The fundamental difference is something even skeptics miss when considering ideas of ghosts and spirits, dark matter exists as a concept within physics because it is necessitated. We observed gravitational effects in far regions of the universe that could not be explained by observable matter in those areas. The need for dark matter in our models of the universe became clear as early as 1906, when Henri Poncaire assessed the work of Lord Kelvin. The distribution of velocities and masses of far flung star systems did not match with the observation of visual matter in those systems. There was a need for "something else" not gas, dust or plasma, dark in both its interaction with light and its place in our body of knowledge (this also answers the question "could ghosts be dark matter?" Not if you also maintain ghosts could be something seen or even photographed.) By the 1960s we were analysing rotational curves of disc galaxies to discover galaxies were enveloped in dark matter halos, as the rotational curve of the M33 galaxy (below) shows. The difference between the calculated velocity (the white line) and the observed velocities (yellow line) can be accounted for by the addition of a dark matter halo.
In the hundred plus years since 1906 we've become adept that detecting dark matter. Perhaps the most striking example of this is the observation of colliding galaxies such as the Bullet cluster (below).
It appears as if the majority of the mass of the colliding galaxies has passed harmlessly through the site of collision distributing itself at either side of the cloud. We have observed this multiple times. This is the inner edges of the dark matter halos slipping through each other and everything else to form one outer halo. It is unencumbered by the violent electromagnetic battle that dominates the gas and plasma interactions.
That should illustrate what we are missing when we ask for evidence of ghosts. With dark matter, we identified a hole in our model of reality. There was an element that current elements of that model could not explain. We then set out to find evidence that this factor exists. Then we quantified it and began to identify its properties. We still don't know what dark matter is, but we know what it isn't. It isn't baryonic matter, it doesn't interact with baryonic matter, it doesn't absorb or emit light, it doesn't interact with itself. But it has a gravitational influence that can be measured. Step one here, in the case of ghosts, is missing. There is no hole in our model of the universe that requires a ghost shaped piece to fill, some behaviour or observation that defies any other explanation. Before we speculate on the properties of a ghost, before we collect evidence we must first ensure there's something to speculate on. Otherwise, the evidence we collect is random, amorphous and pretty meaningless.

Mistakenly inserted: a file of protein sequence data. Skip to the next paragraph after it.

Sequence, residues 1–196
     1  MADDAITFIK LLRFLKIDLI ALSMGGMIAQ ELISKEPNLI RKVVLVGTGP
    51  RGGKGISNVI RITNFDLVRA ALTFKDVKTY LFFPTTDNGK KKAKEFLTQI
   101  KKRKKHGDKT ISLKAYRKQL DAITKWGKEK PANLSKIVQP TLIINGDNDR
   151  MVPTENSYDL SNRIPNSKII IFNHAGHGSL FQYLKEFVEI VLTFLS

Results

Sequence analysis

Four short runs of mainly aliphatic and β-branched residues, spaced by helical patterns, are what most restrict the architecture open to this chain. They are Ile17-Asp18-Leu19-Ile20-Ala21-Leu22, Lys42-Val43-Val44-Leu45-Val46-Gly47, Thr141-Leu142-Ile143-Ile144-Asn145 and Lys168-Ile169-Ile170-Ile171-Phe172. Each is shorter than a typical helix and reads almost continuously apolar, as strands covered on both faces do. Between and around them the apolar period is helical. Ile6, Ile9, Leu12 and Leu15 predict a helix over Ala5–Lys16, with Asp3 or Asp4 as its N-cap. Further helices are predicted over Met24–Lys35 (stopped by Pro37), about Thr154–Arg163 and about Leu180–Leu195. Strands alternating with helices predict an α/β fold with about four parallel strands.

I believe it's this missing necessity that both skeptics and believers fail to recognise that accounts for some of the disconnects between the two groups. Believers present evidence to the skeptics and fail to see exactly why it is dismissed. Often it's because it's clear that evidence isn't warranted without cause.
When we approach the idea of ghosts through a lens of physics, the concept becomes redundant beyond even pure hypothesis. We can hardly express anger or dismay at the attitude of Brian Cox to ghosts when we consider this. He isn't being a skeptic, or a cynic, or cruel.
He is simply being a physicist. Physics doesn't speculate beyond things which are in some way necessitated, it tends to ignore the superflous in favour of utility. Unfortunately this includes ghosts.